My Approach to Instructional Design
My favourite thing about working as an Instructional Designer is the variety of curriculum I get to engage with from different disciplines across campus. I appreciate opportunities to find creative ways to deliver learning materials that make online learning meaningful to students. I prefer deeply collaborative approaches to instructional design and development where a course author and I can work to find these solutions together and adapt what they do effectively in the classroom into the online environment with a variety of teaching technologies.
Coming from a media-based background I’m often looking to find the narrative within learning materials and supporting instructors to tell a story through their courses. This approach often helps not only organize the content into a “storyboard”, but helps scaffold the learning in such a way that develops a beginning, middle and end to content topics that students can relate to as they construct their understanding.
Some Cool Stuff I’ve Worked On
There have been so many great Instructional Design projects that I’ve had the privilege to work on since starting work at the University in 2005. Here’s just a few that resonate with me.
- Early in my career with Media Production I was asked to produce and direct an 8 part documentary series on the Creative City residency program during Saskatoon’s designation as Canada’s Culture Capital in 2006.
- Working with Dr. Marguerite Koole to establish the College of Education’s ETC Makerspace and to contribute to her research in several publications was definitely a highlight that expanded my perceptions of Instructional Design and how we, as teachers, create conditions for invention.
- Supporting Lisa Krol in the redevelopment of ECUR 291 made me truly appreciate the power of collaborative development processes as we designed and developed interactive, student lead, online opportunities for peer interactions that ultimately lead to winning the CAUCE Program Award in 2017.
Julie Maier, M.Ed.
A Short Bio
I am a USask alumna, having earned an M.Ed. (Educational Technology & Design), as well as a B.Ed and B.Sc (Biology). In 2017, at the tail end of my graduate studies, I joined the Distance Education Unit in my current ID role. Previously, I worked in Adult Basic Education as a math and science teacher, and as a Graduate Teaching Fellow and seminar instructor in the College of Education. In my spare time I keep busy as a musician, occasional music writer, and Golden Doodle walker.
My Approach to Instructional Design
My favourite thing about working as an Instructional Designer is the relationships I get to build with faculty and instructors (or “SMEs” – subject matter experts), and collaborating with them to make their best ideas for their online courses come to life. I also really enjoy de-mystifying educational technologies and answering questions related to “what tool to use?” and “how to use it?” Overall, I really like to “grease the wheels” of a course development in whatever way necessary so that the great teachers I work with can more simply do what they do best – teach.
When working on course developments, I often consider myself as a proxy for future students. I’m looking for potential spots of student confusion or frustration in the various elements of the course – the content, learning activities, assessments, and navigational scheme – and can recommend ways to remove those issues or barriers before students ever see them. I consider this an extension of my role as a student advocate – I am always looking to empower learners with more flexible, user-friendly, interactive, and socially-engaging online learning experiences.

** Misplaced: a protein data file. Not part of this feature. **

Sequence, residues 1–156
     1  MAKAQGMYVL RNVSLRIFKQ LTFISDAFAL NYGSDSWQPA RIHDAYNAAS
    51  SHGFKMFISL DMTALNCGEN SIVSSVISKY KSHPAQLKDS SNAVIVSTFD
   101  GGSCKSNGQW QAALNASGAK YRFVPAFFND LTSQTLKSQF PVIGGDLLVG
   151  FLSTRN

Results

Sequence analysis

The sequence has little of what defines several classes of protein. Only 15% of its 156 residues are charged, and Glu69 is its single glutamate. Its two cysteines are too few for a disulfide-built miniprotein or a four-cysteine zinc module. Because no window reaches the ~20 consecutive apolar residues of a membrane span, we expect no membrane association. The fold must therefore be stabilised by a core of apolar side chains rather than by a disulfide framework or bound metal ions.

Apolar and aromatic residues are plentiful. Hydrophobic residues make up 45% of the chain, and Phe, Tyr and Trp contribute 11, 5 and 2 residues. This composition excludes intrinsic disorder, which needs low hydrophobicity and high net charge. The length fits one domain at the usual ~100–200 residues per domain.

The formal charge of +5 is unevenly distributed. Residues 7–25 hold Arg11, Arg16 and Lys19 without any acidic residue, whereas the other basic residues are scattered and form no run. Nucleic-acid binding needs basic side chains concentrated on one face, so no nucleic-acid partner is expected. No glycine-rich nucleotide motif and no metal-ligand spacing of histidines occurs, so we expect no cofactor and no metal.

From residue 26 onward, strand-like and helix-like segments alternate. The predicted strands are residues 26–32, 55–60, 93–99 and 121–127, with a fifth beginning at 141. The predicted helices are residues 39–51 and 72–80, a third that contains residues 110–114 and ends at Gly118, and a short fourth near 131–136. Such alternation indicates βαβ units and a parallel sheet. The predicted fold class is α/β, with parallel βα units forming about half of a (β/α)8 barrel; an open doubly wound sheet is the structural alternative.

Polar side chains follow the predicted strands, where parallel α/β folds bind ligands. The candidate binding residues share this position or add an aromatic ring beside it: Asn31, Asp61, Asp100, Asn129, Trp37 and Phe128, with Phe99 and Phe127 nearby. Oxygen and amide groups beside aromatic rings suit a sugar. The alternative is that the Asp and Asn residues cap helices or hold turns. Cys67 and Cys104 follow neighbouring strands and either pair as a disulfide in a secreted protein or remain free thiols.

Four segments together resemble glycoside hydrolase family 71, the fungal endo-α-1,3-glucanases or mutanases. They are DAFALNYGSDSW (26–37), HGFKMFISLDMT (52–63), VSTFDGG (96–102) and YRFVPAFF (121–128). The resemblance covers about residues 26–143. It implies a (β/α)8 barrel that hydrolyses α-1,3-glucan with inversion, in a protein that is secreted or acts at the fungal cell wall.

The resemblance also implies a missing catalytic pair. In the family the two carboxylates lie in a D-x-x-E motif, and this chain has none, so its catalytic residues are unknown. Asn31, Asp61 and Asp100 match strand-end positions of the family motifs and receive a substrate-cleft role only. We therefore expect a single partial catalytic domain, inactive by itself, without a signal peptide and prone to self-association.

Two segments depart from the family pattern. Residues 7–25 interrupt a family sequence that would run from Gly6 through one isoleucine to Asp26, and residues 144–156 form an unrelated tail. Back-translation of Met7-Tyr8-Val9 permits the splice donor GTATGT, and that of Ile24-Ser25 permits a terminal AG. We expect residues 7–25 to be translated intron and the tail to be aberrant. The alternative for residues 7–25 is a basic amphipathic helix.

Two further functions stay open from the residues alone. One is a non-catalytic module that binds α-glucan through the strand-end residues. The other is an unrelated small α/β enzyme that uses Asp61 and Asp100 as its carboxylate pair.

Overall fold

Some Cool Stuff I’ve Worked On
I’ve had the opportunity to work on some very interesting and unique projects in my time at DEU. A few that come to mind are:
- Supporting Dr. Jorden Cummings and Lee Sanders in the development of their PSY 120/121 open textbook.
- Supporting Dr. Carrie Prefontaine in the use of student blogging for WGST 210.
- Online program design and incorporation of longitudinal eportfolios for the Health Professions Education graduate program.
- Working with Dr. Harold Bull to create a boatload of H5P interactive learning activities to improve his BMSC 210 online course (here’s one fun example).
Derek Fenlon, M.Ed.
Prior to starting my current one-year remote contract with USask, I worked in various course design roles at Queen’s University in Kingston. I started at Arts & Science Online in a role that focused on the technical processes of course production. A few years into this experience, I jumped back into pedagogy, starting my M.Ed and pivoting to instructional design. I recently completed a contract with the Smith School of Business, designing content for Commerce faculty, the Career Advancement Centre, and the Queen’s HR department. When I’m not working out of my home office, I might be found tending my teeny urban garden or rambling around downtown Kingston.
There is so much that I love about my job. I reflect a lot on my own student experiences, both good and bad, to help inform my course design processes. Assessments were a particular source of either joy or anxiety. Here are some approaches I use to make assessments more joyful and less anxiety-inducing:
- Focusing on finer details: chunking instructions into discrete steps to make them more digestible; editing for conciseness and consistency to reduce confusion; creating evaluation tools like checklists and rubrics to make grading transparent
- Looking at the big picture: offering authentic assessments; offering a diverse selection of assessments; offering differentiated assessments; scaffolding assessments throughout a course
Honestly, quality assessments are hard to design, and it can sometimes take several course offerings to “get it right”. If you want to chat about assessment designs, entire course designs, or what’s “Hip” in Kingston, let’s connect!